Istanbul: Covered Bazaar,
Chora Church, Beyoglu district, Bosphorus cruise
Western Turkey - Personal Journal
- Monday, 6 April 1998
This was our last day in Istanbul so we took our luggage to the
lobby by 8:15, where the bus was waiting to take us to the covered bazaar at
9:00. We saw that the sheep had been herded into a lot across the street and
fortunately we had a little time for pictures. It seemed strange that the
shepherd was wearing a suit. Perhaps he dresses up when he brings his herd to
town. The sheep were probably sold to families to be used in the Bayram
sacrifice on Tuesday.
At the bazaar we were amazed by the array of items for sale. Jim
later expressed a desire to come back to Istanbul with empty suitcases, fill
them at the bazaar, and then go back home.
On the bus, Meli fed us details about the neighborhoods. The area
with the obelisk (the site of the ancient Hippodrome) has come to be known as
the "belted stone" neighborhood. (In Cappadocia, she told us, we would eat as a
resturant called "waist wrapped around with a golden thread.") The Oksar
neighborhood began as a tourist area. It became a "suitcase sales" area, where
Russian women would bring suitcases full of goods to sell in the market. Soon
they realized it was more lucrative for them to sell their bodies so it became
an area of prostitution, then the Mafia moved in and began to control it.
Chora Monastery (Kariye
The bus took us through the city streets to Chora church. As we
walked up the hill, I could hear a rooster crowing in the little village
neighborhood. Meli's lecture began inside the highly decorated church. It was
in this church in the 10th century, Meli told us, that it was decided how Mary,
Jesus, the disciples, etc., would be depicted in art. The church had gone
through a 200 year iconoclastic period prior to this time, but apparently the
iconoclastic position of the Muslims pushed the church to want to be different.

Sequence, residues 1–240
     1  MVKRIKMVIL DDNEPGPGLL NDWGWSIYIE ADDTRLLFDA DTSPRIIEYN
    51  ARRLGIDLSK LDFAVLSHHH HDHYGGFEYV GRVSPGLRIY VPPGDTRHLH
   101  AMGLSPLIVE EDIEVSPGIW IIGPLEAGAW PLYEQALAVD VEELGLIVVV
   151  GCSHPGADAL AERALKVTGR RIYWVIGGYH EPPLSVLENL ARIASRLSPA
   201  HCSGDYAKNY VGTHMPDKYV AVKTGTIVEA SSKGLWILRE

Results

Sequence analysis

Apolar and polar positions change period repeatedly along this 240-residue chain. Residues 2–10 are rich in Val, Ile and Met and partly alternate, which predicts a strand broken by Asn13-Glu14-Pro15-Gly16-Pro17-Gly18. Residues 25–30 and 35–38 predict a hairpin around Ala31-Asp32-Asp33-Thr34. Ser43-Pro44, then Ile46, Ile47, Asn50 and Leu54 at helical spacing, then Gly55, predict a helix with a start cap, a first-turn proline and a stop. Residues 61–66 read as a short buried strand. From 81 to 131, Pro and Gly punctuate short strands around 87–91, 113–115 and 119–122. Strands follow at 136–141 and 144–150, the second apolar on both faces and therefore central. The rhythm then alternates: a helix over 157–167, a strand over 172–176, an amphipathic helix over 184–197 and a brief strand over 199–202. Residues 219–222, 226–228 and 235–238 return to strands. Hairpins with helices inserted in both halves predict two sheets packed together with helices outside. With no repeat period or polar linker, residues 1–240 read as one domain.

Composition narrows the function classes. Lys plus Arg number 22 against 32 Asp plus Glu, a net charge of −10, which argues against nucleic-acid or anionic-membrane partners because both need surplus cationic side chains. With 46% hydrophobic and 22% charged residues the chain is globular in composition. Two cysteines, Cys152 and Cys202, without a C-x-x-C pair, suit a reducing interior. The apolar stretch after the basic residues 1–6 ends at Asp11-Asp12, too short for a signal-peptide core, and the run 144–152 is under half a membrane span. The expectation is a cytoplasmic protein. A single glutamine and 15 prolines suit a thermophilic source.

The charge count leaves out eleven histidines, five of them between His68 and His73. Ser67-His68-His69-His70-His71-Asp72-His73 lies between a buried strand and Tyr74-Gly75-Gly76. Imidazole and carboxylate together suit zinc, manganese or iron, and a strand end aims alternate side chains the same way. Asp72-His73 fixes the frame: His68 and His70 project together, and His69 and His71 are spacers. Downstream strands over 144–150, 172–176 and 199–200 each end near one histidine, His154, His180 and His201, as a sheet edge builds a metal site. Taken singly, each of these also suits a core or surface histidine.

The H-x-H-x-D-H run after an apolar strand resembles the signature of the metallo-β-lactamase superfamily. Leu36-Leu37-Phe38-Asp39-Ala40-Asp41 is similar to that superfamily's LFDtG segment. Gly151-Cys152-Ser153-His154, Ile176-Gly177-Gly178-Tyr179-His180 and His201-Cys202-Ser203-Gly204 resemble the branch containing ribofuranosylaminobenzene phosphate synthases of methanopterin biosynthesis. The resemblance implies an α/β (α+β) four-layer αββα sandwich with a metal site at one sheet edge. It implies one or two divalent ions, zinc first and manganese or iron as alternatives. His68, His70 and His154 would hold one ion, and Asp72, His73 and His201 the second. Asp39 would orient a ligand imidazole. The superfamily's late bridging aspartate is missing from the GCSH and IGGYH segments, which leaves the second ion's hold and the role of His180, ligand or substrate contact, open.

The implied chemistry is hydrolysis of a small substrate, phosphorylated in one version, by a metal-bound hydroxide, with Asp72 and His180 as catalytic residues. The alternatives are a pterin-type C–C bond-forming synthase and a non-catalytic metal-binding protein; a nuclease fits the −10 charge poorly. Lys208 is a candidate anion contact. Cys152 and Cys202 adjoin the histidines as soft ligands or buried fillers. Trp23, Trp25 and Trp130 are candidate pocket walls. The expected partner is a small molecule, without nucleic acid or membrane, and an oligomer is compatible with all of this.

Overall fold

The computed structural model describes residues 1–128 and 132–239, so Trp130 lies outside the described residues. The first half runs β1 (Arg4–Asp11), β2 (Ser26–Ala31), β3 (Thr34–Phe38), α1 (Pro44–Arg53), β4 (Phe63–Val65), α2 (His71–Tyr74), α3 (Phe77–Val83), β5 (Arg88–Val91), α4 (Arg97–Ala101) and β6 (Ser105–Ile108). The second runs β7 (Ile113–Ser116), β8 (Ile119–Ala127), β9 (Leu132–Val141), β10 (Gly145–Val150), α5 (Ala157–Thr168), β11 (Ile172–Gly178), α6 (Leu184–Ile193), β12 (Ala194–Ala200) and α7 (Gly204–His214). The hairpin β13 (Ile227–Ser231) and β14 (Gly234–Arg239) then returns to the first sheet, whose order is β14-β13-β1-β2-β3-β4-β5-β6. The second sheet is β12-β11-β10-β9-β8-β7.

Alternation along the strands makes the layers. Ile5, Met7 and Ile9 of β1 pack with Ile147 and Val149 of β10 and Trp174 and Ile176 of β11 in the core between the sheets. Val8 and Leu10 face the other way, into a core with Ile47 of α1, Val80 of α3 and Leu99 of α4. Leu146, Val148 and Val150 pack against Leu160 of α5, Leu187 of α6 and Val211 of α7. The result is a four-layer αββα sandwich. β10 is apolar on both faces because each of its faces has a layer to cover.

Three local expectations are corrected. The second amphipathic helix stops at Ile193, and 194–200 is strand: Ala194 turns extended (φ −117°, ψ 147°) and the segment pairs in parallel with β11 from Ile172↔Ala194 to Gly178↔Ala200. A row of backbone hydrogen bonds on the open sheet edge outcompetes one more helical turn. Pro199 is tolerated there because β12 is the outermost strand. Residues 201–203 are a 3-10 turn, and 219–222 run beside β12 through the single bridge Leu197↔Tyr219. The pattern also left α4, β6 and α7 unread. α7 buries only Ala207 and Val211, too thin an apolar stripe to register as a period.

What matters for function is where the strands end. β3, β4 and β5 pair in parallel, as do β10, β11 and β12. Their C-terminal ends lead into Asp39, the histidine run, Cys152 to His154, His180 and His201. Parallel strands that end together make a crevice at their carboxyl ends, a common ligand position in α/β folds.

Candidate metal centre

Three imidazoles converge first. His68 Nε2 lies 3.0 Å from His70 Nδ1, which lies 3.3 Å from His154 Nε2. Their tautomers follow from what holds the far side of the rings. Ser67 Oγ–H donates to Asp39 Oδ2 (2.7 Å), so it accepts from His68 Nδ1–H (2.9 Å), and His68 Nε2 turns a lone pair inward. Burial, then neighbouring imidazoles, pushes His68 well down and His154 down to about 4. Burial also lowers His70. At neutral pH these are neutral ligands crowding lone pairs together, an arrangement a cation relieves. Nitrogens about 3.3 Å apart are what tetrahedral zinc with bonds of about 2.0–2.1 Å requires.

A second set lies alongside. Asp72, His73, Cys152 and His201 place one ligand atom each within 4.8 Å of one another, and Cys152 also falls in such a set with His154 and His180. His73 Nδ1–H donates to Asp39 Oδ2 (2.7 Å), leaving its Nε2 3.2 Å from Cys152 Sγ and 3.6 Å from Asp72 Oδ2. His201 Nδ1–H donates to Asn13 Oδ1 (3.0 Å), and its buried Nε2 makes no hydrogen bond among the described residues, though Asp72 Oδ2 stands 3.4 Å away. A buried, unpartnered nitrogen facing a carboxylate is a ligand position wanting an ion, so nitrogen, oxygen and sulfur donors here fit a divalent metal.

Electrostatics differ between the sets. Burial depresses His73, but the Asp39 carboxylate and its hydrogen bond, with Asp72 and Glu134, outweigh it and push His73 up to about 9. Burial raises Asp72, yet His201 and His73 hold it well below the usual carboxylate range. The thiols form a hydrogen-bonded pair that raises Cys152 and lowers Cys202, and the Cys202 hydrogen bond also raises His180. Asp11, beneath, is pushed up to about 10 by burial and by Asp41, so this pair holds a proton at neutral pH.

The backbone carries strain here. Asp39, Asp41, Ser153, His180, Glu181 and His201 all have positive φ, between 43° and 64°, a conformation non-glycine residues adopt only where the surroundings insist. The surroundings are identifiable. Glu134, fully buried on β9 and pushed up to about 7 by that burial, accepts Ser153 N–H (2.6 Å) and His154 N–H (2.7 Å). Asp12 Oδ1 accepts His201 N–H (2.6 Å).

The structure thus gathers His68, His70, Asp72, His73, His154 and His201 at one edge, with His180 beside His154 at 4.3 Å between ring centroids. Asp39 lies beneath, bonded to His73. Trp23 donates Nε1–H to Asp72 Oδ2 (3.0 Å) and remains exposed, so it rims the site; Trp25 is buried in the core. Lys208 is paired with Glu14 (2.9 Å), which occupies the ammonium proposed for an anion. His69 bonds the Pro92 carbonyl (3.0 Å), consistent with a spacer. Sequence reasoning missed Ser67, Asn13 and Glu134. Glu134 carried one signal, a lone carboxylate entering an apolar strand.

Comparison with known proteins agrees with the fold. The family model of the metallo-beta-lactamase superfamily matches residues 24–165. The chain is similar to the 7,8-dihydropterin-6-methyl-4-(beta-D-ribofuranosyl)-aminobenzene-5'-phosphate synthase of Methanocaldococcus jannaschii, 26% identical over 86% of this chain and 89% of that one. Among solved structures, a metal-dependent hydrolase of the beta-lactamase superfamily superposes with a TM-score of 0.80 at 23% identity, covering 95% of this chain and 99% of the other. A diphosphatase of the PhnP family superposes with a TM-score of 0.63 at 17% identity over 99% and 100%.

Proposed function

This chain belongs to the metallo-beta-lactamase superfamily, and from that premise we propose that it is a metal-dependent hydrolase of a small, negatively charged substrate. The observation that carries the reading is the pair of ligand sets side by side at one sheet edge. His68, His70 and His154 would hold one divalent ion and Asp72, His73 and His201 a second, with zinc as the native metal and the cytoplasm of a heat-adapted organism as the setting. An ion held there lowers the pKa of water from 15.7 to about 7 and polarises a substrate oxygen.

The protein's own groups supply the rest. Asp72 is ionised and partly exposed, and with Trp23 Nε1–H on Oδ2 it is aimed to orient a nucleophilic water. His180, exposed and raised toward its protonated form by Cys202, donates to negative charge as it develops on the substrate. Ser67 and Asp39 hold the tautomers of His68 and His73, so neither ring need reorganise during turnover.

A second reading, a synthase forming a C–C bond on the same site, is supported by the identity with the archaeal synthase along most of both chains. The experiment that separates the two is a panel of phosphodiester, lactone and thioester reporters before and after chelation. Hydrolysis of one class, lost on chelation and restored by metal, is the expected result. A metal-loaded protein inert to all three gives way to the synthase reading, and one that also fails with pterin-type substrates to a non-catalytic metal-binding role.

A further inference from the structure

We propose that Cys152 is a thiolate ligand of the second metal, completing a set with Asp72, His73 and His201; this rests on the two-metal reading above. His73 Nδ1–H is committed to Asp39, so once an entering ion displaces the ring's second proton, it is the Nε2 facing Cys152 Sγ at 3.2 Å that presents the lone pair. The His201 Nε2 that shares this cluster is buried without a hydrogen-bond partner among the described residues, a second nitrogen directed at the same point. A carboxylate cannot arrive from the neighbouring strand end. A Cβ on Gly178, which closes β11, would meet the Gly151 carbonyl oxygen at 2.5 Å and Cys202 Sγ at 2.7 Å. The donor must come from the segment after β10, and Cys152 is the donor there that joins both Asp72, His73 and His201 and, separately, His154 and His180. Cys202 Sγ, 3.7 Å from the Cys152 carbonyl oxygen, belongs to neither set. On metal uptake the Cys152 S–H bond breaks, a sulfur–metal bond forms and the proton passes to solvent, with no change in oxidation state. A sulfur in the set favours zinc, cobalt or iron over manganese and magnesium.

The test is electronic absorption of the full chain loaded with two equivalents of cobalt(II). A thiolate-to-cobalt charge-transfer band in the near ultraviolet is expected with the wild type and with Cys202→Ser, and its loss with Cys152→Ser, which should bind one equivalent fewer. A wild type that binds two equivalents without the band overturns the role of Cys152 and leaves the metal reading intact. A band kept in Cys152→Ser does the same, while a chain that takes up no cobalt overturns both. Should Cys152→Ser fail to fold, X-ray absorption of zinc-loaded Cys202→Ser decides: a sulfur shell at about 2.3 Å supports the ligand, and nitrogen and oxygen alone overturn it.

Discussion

They began to depict the Christian stories in mosaics and paintings on church
walls. (For more information on the Chora Monastery browse on over to
Art, said Meli, is culture and geography. It depicts what the eye
sees. Portraiture tries to project qualities, such as wisdom, strength, etc. In
the pictures of Jesus, the positions of arms, hands, fingers, depicts a
quality. Jesus is variously represented as Son, Savior, and Christ. (Meli used
other words with which I am unfamiliar - one is Pantocrator, which means the
all-ruling father. There were others that mean teacher and savior.) A cross was
painted behind the head to identify Christ. (It makes sense - up until now no
one had seen his picture!)
A depiction of an emperor with a crown shows the Christian who
built the church in 1020. Beside him is the Muslim who restored the church in
1280 - a sultan wearing a turban. Across the room is the story of Lazarus. Meli
pointed out the unwrapping of the grave clothes of Lazarus, and then the turban
on the head of the sultan. "The turban" she said, "is the fabric that will be
used in the future as his grave wrappings."
A mosaic high in a dome depicts Jesus having broken the gates of
hell and bound Satan. He has Adam by one hand and Eve by the other, and is
pulling them out of hell. Meli wishes that people would remember this message
about Jesus, that he has already accomplished this.
Meli's lectures in this building are again overwhelming, and it is
hard to remember or reconstruct even a portion of what she told us. She talked
of 8,000 years of people worshiping a mother goddess, being told now there is
one God, and his name is Jesus. How difficult it was for them to accept! In 432
AD, they were still struggling, and in the ecumenical council at Ephesus, Mary
was declared to be the mother of God (Theotokos as opposed to Christokos); once
again the people had a mother goddess. (The council at Ephesus in 432 was when
the Trinity was made a Church doctrine, against the raging heresies of the day
- was Jesus human or divine? Upon it being declared that He was both fully
human and fully divine, and a member of the Trinity, it was a logical side
effect for people steeped in Greek Philosophy to conclude that Mary was
therefore the Mother of God.)
Meli told us the story of Mary, whose mother was named Anne
(Remember that earlier she told us Anne meant mother.). Mary, she said, had
been born into an important rich family, with a genealogy of kings. These